Little skates and land vertebrates shared a common ancestor that lived about 420 million years ago. They are closely related to sharks and rays.CreditJun-An Chen

The ability to walk on solid land occurred in the sea, long before there were land animals. The nerve cells that control the ability to walk has been found in vertebrates for over 400 million years, according to a new study.

In the study, published in the magazine Cell, researchers in the United States, Australia, and Singapore have examined the genes and nerve cells of the little skate (Leucoraja erinacea).

This skate fish is a typical representative of the family cartilaginous fishes, which also includes the sharks (superorder Selachii) and the rays, skates, and sawfish (superorder Batoidea).

Like many other species of fish living in proximity to the seafloor, the species has the ability to “walk” on the seabed with its abdominal fins.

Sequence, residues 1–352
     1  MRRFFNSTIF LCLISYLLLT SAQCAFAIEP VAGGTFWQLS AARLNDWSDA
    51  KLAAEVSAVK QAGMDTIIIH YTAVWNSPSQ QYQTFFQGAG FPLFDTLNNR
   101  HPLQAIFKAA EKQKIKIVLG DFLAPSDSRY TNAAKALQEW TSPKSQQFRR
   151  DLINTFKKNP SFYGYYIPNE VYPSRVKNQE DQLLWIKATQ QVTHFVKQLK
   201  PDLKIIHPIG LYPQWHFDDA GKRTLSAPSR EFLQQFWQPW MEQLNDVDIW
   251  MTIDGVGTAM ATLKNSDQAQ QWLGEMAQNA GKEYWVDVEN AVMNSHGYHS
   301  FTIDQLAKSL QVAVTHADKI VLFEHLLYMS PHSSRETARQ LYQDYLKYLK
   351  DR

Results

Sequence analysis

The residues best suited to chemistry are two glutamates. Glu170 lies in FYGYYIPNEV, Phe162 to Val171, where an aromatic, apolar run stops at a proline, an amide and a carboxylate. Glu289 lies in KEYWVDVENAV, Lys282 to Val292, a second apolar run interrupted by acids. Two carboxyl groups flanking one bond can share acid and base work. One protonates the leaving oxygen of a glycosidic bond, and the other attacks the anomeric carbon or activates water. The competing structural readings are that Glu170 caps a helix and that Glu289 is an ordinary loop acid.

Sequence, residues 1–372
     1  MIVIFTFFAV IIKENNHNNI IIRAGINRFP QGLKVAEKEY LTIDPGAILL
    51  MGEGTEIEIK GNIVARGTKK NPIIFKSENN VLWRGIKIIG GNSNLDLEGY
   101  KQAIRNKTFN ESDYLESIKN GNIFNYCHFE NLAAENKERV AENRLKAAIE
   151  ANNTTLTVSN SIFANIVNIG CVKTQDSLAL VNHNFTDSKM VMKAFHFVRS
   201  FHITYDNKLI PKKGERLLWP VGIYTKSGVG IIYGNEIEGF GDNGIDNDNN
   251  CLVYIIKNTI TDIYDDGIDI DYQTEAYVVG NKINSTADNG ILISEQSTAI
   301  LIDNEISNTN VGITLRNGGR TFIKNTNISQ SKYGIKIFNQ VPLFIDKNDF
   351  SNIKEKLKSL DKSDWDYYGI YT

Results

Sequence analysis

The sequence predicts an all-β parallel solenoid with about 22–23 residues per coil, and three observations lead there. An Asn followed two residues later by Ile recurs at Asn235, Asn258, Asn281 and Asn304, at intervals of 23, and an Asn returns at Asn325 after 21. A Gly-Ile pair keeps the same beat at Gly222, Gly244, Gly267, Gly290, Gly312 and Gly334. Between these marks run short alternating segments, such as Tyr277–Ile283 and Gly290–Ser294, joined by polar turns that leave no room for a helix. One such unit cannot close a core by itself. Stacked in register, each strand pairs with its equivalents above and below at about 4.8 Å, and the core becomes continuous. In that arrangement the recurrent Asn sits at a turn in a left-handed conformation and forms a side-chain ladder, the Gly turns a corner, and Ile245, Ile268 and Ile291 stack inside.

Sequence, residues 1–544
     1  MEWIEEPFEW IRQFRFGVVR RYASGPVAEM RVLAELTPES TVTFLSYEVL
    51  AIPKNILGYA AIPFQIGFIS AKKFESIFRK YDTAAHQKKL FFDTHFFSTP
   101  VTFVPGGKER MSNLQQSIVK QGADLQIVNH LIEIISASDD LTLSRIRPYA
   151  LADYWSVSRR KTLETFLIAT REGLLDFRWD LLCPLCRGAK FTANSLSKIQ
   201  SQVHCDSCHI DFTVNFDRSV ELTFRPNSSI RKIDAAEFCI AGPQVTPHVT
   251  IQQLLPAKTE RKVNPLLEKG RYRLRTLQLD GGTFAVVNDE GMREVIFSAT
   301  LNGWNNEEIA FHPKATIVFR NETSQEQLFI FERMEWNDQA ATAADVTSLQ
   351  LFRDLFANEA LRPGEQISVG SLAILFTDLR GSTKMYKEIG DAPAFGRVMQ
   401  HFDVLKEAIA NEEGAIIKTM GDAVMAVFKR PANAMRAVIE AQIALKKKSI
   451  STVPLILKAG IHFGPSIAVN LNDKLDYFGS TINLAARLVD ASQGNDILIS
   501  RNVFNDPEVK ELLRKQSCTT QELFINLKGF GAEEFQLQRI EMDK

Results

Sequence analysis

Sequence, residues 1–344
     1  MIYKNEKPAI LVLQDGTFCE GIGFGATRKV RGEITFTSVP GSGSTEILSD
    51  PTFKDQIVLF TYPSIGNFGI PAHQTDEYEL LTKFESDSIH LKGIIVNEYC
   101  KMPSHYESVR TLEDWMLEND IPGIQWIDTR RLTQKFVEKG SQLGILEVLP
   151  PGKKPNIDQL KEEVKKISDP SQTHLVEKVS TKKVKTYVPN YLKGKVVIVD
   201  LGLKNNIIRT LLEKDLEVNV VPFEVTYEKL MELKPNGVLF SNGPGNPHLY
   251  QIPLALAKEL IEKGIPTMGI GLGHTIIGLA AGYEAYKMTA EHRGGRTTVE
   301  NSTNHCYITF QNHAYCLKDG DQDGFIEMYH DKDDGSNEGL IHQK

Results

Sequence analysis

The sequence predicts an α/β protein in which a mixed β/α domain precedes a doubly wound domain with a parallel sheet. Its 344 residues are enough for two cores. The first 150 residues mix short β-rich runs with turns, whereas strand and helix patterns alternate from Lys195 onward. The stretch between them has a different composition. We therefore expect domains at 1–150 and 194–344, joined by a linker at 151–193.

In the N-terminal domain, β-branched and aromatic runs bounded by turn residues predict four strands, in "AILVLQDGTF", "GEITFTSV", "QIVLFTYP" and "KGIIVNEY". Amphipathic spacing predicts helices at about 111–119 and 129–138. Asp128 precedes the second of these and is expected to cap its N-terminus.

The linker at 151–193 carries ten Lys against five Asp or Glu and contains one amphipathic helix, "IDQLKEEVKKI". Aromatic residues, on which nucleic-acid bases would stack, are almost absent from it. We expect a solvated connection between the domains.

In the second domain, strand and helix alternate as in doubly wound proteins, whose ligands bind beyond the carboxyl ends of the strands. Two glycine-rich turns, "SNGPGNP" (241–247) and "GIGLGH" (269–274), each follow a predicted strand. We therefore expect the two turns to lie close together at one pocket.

When we humans walk, we move both feet alternately, one foot and then the other. Similarly, the little skate alternates its fins on the right and left sides of the body. The similarity is striking.

The researchers found that what makes this possible with this fish species is a set of special nerve cells.


Leucoraja hatchling walking, videoed from underneath.Credit: Jung, Baek, Dasen et al./Cell


Surprisingly, it is the same nerve cells that give humans and other mammals the ability to walk on two or four legs – even though we extremely distant relatives. The last common ancestor of cartilaginous fishes and mammals lived 420 million years ago.



The conclusion is that these nerve cells, and the genetic machinery that controls them, are also extremely old date and are something that all vertebrates have in common, whether they live in water or on land.

In other words, the ability to walk is a very primitive adaptation. Our ancestors walked on the seabed long before the first land animals appeared on land.

“It has been a general belief that the ability to go is something that developed when the vertebrate had risen ashore. But it’s much older than that”

– Jeremy Dasen, lead author and a neurobiologist at the New York University School of Medicine in the United States.